Growing Then, Growing Now
Former Coconut Creek commissioner and state representative Jim Waldman remembers what makes Creek special
When Jim Waldman was dropping off his daughter for her first day of school at Winston Park Elementary in 1992, he noticed that the school was overcrowded with portables. Then naïve about politics, the attorney saw it as a sign that Coconut Creek city commissioners were not doing their jobs.
It was the impetus for him to run for office, which led to receiving an education of his own.
“It wasn’t until I got into the campaigning that I found out the city commission had nothing to do with the schools and overcrowding,” he says.
Waldman won a seat on the commission in 1993 by 43 votes, launching his career as a public figure in both Coconut Creek and, later, the state. He moved to Creek with his wife and daughter in October 1988, commuting to Boca Raton to practice law. For Creek, it was a time of growth. The population jumped from 6,288 in 1980 to 27,485 in 1990.
“There was new development. You had Wynmoor and the Township, but you could see more young people were coming,” he says. “Back then, I was 30 years old, planning a family. It was a great family community, and we were excited about the fact that there would be a lot of other young families that we would meet and grow up with.”
Waldman got to know his Wynmoor neighbors personally while running for the commission.
“When I first won by 43 votes, I beat the incumbent. It was because of Wynmoor. I lived in the northern part of the city, but I used to be out in Wynmoor virtually every night of the year. Friday night was their movie night. I would be out there with my kids, my wife and friends, and I would say hello to everybody at their theater. Everybody thought I was a grandson, because I was much younger. Now I could be a resident there,” he says with a laugh. “If you didn’t win Wynmoor, you didn’t win an election back then.”
During that time, the city also saw more community growth. The Community Center and the Recreation Complex opened, which Waldman says brought younger families and expanded the parks and recreation division.
One of the biggest developments was Seminole Casino Coconut Creek. In a land swap with the state, the Seminole tribe obtained land in Coconut Creek after giving up land to make way for the expansion of Stirling Road. The tribe approached the city about opening a casino. Though they were rebuffed several times, as the city believed it wouldn’t be compensated fairly for the casino’s impact, the tribe kept asking and negotiations followed. Waldman recalls sitting in workshop meetings “going back and forth across the table” with different offers.
“We ultimately were able to reach an agreement with them where the tribe would pay $1 million to the city with increases going up annually. And then in the event they got Class 3 gaming [slot machines], that would double to $2 million annually,” Waldman says.
The money was designated for capital improvements and helped the city acquire the land for the construction of the Community Center. The casino opened in 2000, which Waldman says led to more development in Creek.
“All of the negative impacts never came to fruition,” Waldman says. “Coconut Creek was fortunate to have the Seminoles open up in the city.”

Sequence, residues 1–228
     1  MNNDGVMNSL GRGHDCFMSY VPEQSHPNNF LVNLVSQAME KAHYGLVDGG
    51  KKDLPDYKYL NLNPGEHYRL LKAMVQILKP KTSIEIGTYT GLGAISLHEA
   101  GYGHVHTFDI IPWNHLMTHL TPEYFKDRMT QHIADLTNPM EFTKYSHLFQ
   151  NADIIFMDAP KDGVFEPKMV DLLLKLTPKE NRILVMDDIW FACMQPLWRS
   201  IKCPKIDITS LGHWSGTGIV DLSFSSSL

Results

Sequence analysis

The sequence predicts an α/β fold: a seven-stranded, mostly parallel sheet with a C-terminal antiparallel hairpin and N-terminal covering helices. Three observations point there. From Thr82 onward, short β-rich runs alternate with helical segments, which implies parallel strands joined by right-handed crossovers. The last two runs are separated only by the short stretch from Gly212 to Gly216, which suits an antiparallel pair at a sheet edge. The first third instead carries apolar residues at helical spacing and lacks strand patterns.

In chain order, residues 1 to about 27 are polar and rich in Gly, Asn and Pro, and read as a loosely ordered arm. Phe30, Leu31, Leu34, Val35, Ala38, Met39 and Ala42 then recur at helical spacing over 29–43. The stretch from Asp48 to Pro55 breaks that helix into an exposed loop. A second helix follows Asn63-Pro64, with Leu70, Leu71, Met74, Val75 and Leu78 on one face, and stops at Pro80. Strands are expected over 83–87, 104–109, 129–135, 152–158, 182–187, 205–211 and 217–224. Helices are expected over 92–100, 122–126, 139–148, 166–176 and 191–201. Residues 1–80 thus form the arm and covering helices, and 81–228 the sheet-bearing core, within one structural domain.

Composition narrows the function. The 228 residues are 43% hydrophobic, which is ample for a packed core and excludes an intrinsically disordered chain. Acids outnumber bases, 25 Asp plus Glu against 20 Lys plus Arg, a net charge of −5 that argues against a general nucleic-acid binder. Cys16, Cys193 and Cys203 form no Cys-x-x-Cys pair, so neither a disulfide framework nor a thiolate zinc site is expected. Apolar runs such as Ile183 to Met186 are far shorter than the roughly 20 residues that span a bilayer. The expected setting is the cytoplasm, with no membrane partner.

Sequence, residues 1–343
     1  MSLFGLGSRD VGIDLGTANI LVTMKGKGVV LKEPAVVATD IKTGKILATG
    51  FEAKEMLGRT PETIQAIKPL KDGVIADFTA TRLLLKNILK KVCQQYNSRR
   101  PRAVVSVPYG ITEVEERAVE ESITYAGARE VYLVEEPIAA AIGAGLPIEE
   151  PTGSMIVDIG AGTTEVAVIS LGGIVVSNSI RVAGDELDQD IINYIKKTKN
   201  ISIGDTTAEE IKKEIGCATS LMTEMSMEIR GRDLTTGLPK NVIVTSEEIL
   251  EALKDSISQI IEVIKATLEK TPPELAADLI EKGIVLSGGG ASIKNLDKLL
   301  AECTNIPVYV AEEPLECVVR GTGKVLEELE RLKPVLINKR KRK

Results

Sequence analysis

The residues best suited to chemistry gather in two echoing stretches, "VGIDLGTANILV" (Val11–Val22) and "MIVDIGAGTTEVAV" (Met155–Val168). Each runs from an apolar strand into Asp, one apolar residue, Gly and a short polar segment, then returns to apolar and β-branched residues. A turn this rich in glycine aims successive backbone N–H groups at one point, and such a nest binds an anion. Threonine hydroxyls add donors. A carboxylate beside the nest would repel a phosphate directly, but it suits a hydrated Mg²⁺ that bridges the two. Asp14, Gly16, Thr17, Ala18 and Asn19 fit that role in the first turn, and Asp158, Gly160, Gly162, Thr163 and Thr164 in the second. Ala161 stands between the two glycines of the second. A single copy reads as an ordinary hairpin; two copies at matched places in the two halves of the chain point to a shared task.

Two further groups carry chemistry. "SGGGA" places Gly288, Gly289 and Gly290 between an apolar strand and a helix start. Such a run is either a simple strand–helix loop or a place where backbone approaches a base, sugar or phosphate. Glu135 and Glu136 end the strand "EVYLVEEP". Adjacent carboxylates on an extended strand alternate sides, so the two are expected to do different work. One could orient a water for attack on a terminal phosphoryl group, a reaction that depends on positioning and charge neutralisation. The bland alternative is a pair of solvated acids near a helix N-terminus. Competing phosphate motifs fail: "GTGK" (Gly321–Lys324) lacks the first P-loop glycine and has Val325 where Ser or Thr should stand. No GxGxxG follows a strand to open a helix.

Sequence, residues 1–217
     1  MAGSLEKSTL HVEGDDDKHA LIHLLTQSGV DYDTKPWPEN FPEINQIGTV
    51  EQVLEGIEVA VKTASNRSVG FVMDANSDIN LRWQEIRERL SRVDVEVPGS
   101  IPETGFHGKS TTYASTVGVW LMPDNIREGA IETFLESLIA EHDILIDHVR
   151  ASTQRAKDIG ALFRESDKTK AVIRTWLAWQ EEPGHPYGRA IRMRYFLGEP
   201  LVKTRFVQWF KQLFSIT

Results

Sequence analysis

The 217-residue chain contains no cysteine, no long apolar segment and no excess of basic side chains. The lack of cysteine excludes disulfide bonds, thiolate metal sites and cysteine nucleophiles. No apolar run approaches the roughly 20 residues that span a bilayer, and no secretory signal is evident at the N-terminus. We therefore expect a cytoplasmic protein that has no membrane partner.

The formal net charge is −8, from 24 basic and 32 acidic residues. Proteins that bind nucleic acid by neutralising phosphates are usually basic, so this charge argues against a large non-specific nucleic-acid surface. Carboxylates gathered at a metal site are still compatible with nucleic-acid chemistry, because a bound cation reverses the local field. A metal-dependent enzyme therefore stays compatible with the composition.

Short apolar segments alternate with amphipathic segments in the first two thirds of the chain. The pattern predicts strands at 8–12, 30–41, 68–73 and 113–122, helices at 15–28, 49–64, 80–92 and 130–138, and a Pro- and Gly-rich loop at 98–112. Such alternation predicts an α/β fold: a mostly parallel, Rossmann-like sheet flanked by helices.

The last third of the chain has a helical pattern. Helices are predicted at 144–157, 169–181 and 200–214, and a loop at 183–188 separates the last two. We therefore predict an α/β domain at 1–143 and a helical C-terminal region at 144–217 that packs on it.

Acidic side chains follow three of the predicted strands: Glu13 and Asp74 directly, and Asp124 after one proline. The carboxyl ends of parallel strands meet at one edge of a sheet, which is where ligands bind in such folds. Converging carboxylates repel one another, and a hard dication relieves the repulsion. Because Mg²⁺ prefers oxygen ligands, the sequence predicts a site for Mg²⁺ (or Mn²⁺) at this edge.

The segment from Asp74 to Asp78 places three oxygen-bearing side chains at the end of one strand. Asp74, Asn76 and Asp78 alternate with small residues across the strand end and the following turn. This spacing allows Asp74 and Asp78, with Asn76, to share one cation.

After 10 years on the commission (1993-94 and 1999-2006), Waldman tried for the state legislature—although he needed some persuasion, having made an unsuccessful run in 1994. Ron Greenstein, a former Coconut Creek commissioner who reached his term limit in the Florida House of Representatives, told Waldman he had to run to fill his seat. For months, Greenstein worked on him. With his son finishing his junior year at North Broward Prep and his daughter off to college, Waldman decided it was the right time. He was elected in 2006 and represented District 95, which included parts of Coconut Creek. After redistricting in 2012, he represented District 96, which included Coconut Creek, Parkland and portions of Coral Springs.
Though Waldman represented more than Creek, he always kept its interests in mind. He fought to get money back to the city to help infrastructure for roads, sewers, water and parks. When the state negotiated agreements with the Seminoles, he inserted conditions that the communities where the tribe had casinos would receive some of the revenue that went to the state. What he’s most proud of is his bill to increase the cigarette tax to a dollar a pack (passed in 2009).
Throughout his years as a representative until 2014, he also kept in touch with Creek residents, who called and even visited Tallahassee.
“I think people were happy with the representation I gave them,” Waldman says. “I always got good responses whenever I went to community events, especially in Wynmoor.”
Waldman is now general counsel for Keiser University. Though he now lives by the beach, he keeps in touch with former neighbors who became friends.
“I think you have a local government that’s responsive to the residents and the city has been built on what the residents want,” he says. “It’s such a great feeling to be in that city.”
As for Creek’s future, Waldman sees population growth fueling development of a well-planned city.
“Everything is all based upon population growth,” he says. “The apartment complexes that have grown around that area brought more people in. When you bring more people in, you need more retail, you need more commercial. You need light industrial. I think when you have that critical mass of people, you’ll see developers come in and ultimately be prepared to really spend the money and build it.”